Restoring a pond

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Restoring a pond

Postby orange legs » Sat Nov 03, 2007 10:42 pm

I met a guy today who gave me permission to hunt his property. There use to be a pond in the middle of it. But it is now overgrown with cattails. It sets off of one of our major lakes. He said that he used to hunt it along time ago and ducks poured into it. He said that if I can make it work all the power to me. It has very good potential. I'd like to leave some of the cattails for cover. Anybody have any good ideas. I would like to be able to fix it at a minimal cost. Every bit of help is appreciated.
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Postby KAhunter » Sun Nov 04, 2007 7:05 pm

there are a few thing syou can do.. you can do managment of the cattails by spraying it with chemicals to kill it.. this is easily done by cutting it back and then spraying it with roundup in the spring as new shoots begin grow (spraying in the growth stage is critcal).. also i would plant some other vegetation that is bewneficial and that waterfowl like.. anything i would suggest would be burreed, bulrush, buttonbush or sago pondweed to name a few... each of these have many different varieties that have greater or fewer benefits for waterfowl... just try to eliminate any vegetation that isnt beenficial to waterfowl and try to plant and promote growth of beneficial plants... if you need any more help i can give you more info.. good luck!!!
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Postby greenster » Sun Nov 04, 2007 10:40 pm

The ducks are going to like the THICK cattail around the pond, They tend to like think cover. Also I would cut 1/2 the cat tails so the ducks can walk on the banks. If its overgrown with cat tails in the middle of the pond, You can pull them up, Or break them below the surface, for a temporary fix. Remember, What cant get Light, cant live. But be careful when spraying chemicals around water... You could do more harm than good. many animals survive off that water. but as ka said.. if they have a food source, there is n reason for them not to like it there.
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Postby KAhunter » Mon Nov 05, 2007 12:21 pm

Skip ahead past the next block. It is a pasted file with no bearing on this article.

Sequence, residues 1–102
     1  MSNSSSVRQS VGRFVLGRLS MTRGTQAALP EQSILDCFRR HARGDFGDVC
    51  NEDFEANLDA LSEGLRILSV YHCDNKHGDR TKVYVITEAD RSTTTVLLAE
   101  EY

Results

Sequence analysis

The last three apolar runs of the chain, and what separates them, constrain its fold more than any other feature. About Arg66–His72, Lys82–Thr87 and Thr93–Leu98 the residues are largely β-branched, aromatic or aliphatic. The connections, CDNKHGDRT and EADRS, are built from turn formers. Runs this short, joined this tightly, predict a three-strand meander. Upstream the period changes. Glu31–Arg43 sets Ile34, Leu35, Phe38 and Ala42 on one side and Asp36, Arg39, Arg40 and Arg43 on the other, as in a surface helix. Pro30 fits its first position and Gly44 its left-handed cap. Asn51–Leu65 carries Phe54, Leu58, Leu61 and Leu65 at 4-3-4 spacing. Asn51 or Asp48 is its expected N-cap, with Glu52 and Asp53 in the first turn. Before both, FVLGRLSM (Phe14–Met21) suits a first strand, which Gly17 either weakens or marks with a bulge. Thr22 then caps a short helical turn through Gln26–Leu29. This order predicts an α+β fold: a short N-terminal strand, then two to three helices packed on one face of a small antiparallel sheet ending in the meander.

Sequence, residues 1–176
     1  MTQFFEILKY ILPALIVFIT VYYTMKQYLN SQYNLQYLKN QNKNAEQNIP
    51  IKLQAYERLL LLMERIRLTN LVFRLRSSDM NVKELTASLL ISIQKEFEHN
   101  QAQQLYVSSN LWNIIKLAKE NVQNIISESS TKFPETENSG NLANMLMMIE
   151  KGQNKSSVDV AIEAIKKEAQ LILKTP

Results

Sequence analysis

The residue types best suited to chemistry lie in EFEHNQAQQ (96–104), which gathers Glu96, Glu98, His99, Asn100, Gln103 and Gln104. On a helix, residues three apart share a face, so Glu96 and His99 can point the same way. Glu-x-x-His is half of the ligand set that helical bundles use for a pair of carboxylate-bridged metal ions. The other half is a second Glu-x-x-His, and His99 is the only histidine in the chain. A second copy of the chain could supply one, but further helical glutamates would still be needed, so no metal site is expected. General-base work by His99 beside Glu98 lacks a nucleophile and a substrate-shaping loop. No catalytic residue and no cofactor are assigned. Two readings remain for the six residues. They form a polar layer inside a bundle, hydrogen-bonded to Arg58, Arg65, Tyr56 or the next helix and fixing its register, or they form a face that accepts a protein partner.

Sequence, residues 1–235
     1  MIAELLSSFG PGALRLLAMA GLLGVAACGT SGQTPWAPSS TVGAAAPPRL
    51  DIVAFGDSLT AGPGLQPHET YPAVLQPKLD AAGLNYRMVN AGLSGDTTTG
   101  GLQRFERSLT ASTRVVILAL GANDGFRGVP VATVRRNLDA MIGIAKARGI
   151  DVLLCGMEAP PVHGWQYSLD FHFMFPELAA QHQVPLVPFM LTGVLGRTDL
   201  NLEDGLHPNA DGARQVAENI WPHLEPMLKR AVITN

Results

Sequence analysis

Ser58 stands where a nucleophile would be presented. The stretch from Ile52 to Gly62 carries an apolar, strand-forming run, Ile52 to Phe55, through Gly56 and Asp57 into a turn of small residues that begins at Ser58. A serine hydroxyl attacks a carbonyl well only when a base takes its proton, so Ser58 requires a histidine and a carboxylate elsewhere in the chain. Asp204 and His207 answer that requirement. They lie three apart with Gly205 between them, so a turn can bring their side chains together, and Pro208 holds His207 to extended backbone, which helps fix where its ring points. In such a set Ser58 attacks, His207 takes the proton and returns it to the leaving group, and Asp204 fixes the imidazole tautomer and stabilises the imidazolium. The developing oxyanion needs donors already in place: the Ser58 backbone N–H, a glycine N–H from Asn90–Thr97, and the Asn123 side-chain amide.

yeah i agree be carfeul with chemicals... roundup generally is ok just use it as lightly as possible
"If you have to be crazy to be a duck hunter, i dont wish to be sane" Robert Ruark

Its always duck season, there is just a long break from february to september.
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Postby orange legs » Mon Nov 05, 2007 6:28 pm

Thanks for the info guys. Can't wait to see how it turns out.
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Wetland Restoration

Postby jazztime » Tue Nov 06, 2007 8:42 pm

Roundup + surfactant not a wise choice for wetlands but Rodeo and appropriate surfactant can be used. Suggest you check with your local regs.

Highly suggest you save yourself some time and call your local NRCS office and ask for some technical assistance. Also see if your local F & G Dept and or Federal biologist (Private Lands Biologist-Partners for Fish and Wildlife Program) can provide you some technical assistance.

These guys have a weath of experience in wetland restoration and may be able to help you out.

http://ecos.fws.gov/partners/viewConten ... wPage=home
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Postby orange legs » Tue Nov 06, 2007 8:49 pm

Thank you for the tip. I will give them a call.
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Re: Restoring a pond

Postby Tom Phillips* » Sun Dec 09, 2007 11:53 am

orange legs wrote:I met a guy today who gave me permission to hunt his property. There use to be a pond in the middle of it. But it is now overgrown with cattails. It sets off of one of our major lakes. He said that he used to hunt it along time ago and ducks poured into it. He said that if I can make it work all the power to me. It has very good potential. I'd like to leave some of the cattails for cover. Anybody have any good ideas. I would like to be able to fix it at a minimal cost. Every bit of help is appreciated.


If you can de-water it, and rearrange the soil into deep spots and islands, you will keep the water open permanently, and also give the ducks a secure place to rest during the season. If the breeding season conditions are good in the area, you will probably have ducks nesting and raising their broods.

Good luck.

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Postby willis1 » Thu Dec 27, 2007 9:32 pm

:dito:

I had a pond outside of Lexington Ky, that was in the same condition. I drained it late winter and got in there with my bobcat while the ground was frozen and removed most of the cattails, dug out one end deeper so it would'nt freeze so fast, created an island in the middle and dug out the upper end another 80 or so yards.

I installed a pipe in the damn that would let me control the water levels so I could flood the upper end that i planted with corn and wild rice.

worked great for a couple of seasons until they decided to build houses on the property. But we had some of our best hunts there!

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